78% Favor Surveillance Cameras; Only 20% See Civil Liberties Problems


Americans overwhelmingly favor installing video surveillance cameras in public places, judging the infringement on their privacy as an acceptable trade-off for greater security from terrorist attacks, says a new New York Times/CBS News Poll. A week after the Boston Marathon attack, which was unraveled after the release of video footage of the two suspects flushed them out of hiding, 78 percent of people said surveillance cameras were a good idea. Only 20 percent of people said they believed the government had gone too far in restricting civil liberties in the fight against terrorism, while 26 percent said it had not gone far enough and 49 percent said the balance was about right.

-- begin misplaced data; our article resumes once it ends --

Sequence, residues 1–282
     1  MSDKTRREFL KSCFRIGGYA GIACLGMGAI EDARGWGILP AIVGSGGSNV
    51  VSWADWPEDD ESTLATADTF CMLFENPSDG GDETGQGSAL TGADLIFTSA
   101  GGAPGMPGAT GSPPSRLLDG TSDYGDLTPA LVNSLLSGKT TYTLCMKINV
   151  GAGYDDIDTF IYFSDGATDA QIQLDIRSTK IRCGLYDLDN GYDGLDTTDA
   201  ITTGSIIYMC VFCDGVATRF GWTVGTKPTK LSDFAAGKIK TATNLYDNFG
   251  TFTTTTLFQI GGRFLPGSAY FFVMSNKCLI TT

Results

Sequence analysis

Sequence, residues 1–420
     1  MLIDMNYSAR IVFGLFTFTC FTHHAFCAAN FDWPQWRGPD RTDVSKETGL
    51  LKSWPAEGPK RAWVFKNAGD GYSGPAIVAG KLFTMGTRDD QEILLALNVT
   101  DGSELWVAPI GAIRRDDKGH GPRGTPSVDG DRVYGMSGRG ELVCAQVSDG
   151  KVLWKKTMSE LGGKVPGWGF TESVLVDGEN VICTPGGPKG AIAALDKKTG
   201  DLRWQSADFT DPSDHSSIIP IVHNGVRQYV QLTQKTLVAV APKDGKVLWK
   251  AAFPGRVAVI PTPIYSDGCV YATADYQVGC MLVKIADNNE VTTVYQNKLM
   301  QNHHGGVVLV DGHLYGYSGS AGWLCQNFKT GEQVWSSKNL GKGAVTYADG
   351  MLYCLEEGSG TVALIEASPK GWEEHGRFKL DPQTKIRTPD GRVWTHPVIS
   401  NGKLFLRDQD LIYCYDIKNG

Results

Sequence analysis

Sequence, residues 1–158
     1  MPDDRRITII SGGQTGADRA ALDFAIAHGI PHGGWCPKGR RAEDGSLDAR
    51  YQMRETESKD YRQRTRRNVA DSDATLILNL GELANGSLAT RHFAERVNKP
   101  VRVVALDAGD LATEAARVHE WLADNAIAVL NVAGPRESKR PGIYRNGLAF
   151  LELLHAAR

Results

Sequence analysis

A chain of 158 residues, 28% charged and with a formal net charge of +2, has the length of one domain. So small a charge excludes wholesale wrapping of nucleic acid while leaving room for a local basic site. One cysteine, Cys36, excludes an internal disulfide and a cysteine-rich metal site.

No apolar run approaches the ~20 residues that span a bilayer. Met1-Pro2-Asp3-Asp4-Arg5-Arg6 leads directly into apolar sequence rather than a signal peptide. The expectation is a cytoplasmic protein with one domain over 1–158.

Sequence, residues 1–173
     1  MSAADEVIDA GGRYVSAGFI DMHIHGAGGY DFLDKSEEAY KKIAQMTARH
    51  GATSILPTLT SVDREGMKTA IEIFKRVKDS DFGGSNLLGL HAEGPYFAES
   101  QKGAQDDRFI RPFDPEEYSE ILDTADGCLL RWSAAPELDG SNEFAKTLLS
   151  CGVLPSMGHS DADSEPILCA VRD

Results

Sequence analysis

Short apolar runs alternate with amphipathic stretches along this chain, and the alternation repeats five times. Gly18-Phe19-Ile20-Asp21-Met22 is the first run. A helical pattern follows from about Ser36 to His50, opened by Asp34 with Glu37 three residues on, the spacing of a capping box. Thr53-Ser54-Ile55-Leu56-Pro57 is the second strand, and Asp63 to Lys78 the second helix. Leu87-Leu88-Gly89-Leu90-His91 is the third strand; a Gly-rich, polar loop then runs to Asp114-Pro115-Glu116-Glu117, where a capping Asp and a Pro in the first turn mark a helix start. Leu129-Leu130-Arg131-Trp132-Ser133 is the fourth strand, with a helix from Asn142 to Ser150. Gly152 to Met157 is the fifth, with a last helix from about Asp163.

The receptiveness to cameras on street corners reflects a public that sees terrorism as a fact of life in the U.S. Nine out of 10 people polled said Americans would always have to live with the risk. There are lingering questions about the role of the nation's intelligence agencies before the attacks, with people divided about whether they had collected information that could have prevented them (41 percent said they had; 45 percent said they had not). The murkiness of the case produced a majority, 53 percent, saying the suspects had links to a larger terrorist group, while 32 percent said they had acted alone.

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